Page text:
Man, it appears, has to pass seven times round the complete chain of seven planets; in other words, the complete evolution of humanity requires seven rounds. We are in the fourth round. The individual entity does not, however, only pay a flying visit to each planet and then pass on to the next. On each planet there are seven great races of humanity which successively rise, flourish, and decline; that is, there are seven culminations of development and civilization on each planet in turn. Each of these seven great races is further divided into seven branch races, and each branch race into seven root races. In each of these root races every individual entity, or monad, has to pass at least two incarnations, or earth lives; so that there are about 800 incarnations for each individual on each planet in turn. The majority of mankind now living belong to the fifth great race — the brown-white section of mankind. The Asiatic Aryans belong to the first branch race, while we, the European Aryans, belong to [Page 16] the fifth branch race of the fifth great race. The fourth great race, whose pure descendants are found among the inland Chinamen, inhabited a continent called, by Plato, Atlantis, which is now submerged, but indications of which were discovered, it is believed, by the soundings of the "Challenger". The predecessors of the Greeks and Romans were Atlanteans. The fourth great race is the red-yellow branch of mankind. The third race inhabited a now submerged continent in the Indian Ocean, which we may call Lemuria. Their degenerate descendants are the flat-headed aborigines of Australia.

After each incarnation of the individual comes a period in which he is rewarded according to his deserts in an ethereal world, his sojourn in which may last from 2,000 to 10,000 years, according to the quality of spiritual energy developed by the higher nature of the individual. This ethereal world has many phases; its extreme phases are called Devachan and Avitchi; corresponding roughly to the ideas of heaven and hell, but differing from these ideas in that they refer to a state not to a locality. To Avitchi, however, go only the aristocrats in crime, characters who may be compared morally to Milton's Satan. The rest of mankind, the "sinners rather commonplace", suffer for their sins in the next incarnations; since, according to the law of "Karma" or merit, each incarnation is the exact result, the sum total of the attractions for good and evil, of the preceding incarnations. This doctrine of Karma, the true meaning of the saying "Whatsoever a man sows, the same shall he also reap", and the keystone of Aryan ethics is the point of contact between esoteric philosophy and the life of every human being. The life of each individual is the result of the actions of our last incarnation, and our next incarnation will be the result of our actions in the present life.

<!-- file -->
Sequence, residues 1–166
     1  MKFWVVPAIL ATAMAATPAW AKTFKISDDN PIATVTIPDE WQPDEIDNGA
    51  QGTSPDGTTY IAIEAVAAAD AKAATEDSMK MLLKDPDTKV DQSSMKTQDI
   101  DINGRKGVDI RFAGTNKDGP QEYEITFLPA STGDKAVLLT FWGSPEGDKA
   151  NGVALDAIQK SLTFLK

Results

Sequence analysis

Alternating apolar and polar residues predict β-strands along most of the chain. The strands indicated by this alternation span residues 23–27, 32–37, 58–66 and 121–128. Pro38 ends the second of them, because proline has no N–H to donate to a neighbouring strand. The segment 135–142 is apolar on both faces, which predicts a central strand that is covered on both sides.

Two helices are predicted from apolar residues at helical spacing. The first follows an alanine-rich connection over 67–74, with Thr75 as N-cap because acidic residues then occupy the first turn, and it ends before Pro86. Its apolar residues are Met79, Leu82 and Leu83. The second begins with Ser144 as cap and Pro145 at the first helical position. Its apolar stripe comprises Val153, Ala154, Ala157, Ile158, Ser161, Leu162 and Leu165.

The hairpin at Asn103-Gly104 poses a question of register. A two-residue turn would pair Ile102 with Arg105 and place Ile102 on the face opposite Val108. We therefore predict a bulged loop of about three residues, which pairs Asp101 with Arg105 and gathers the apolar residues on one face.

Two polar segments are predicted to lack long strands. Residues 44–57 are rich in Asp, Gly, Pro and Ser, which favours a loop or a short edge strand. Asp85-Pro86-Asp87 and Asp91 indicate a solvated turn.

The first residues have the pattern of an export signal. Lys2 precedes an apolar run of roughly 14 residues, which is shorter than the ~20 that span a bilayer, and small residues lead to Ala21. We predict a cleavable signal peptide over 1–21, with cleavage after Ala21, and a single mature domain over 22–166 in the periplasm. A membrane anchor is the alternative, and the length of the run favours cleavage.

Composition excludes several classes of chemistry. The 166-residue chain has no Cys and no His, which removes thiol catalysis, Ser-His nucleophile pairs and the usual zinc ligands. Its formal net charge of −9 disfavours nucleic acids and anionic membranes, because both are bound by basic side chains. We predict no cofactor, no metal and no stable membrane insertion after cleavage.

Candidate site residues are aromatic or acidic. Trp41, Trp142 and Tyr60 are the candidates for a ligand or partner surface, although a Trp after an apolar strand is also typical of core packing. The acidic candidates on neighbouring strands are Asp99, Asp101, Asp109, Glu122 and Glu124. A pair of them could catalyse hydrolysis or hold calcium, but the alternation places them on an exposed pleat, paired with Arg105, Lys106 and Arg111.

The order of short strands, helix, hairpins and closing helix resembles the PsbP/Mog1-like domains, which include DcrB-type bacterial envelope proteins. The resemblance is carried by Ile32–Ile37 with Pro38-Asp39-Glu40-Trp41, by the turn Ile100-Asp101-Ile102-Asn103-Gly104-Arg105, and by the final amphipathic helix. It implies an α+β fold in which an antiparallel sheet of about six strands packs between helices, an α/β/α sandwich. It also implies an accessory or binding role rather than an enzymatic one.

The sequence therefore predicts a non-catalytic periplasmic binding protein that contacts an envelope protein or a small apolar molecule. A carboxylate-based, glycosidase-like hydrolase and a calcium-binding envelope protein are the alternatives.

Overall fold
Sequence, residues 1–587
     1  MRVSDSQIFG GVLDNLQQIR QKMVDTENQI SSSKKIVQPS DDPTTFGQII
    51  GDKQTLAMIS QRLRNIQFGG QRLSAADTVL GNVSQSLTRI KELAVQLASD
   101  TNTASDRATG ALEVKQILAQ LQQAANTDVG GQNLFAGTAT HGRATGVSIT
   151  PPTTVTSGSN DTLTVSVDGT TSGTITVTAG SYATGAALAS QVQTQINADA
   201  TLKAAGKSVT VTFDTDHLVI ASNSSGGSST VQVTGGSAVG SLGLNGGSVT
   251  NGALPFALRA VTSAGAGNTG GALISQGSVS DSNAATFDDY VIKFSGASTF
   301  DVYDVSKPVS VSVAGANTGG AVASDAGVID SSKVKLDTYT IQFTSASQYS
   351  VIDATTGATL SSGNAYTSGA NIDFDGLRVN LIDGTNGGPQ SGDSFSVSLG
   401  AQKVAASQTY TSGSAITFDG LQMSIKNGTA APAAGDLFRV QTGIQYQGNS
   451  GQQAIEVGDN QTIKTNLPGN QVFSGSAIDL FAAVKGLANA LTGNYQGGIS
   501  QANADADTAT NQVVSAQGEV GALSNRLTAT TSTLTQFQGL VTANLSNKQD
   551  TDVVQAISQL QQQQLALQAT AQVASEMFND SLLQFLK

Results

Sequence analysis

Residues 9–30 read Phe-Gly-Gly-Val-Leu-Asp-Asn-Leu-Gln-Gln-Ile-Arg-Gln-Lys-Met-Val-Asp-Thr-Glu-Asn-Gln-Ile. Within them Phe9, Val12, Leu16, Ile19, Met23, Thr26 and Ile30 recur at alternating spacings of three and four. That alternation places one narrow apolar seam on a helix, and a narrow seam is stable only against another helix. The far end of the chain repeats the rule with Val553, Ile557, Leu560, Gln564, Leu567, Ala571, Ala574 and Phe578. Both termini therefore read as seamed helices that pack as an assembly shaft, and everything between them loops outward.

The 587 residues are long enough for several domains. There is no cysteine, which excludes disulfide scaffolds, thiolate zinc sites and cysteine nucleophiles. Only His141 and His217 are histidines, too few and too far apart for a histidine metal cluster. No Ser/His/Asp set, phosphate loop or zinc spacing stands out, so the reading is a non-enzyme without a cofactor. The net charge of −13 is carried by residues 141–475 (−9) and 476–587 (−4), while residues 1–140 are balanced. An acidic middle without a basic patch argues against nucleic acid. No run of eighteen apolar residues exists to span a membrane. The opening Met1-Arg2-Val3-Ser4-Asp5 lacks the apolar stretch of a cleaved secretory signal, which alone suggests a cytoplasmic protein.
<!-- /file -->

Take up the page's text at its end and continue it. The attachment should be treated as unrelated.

The state of Devachan is a condition of spiritual refreshment, the fruition of all the divine and spiritual aspirations of the highest part of our nature. It has been described as "a rosy sleep, with dreams more vivid than day, and lasting for many centuries"; the individual enjoyer of Devachan is not alone but is attended by the celestial counterparts of his earthly friends, who remain with him, as happy, blissful, and innocent as the disembodied himself. Each man's Devachan or heaven is as joyful and enjoyable as his highest faculties and aspirations can make it.

After a brief period of unconsciousness, immediately succeeding the separation of the soul from the body, there is a dawn into the Devachan state, a full day of bliss lasting many centuries, an evening of semi-consciousness, followed by oblivion and renewed incarnation.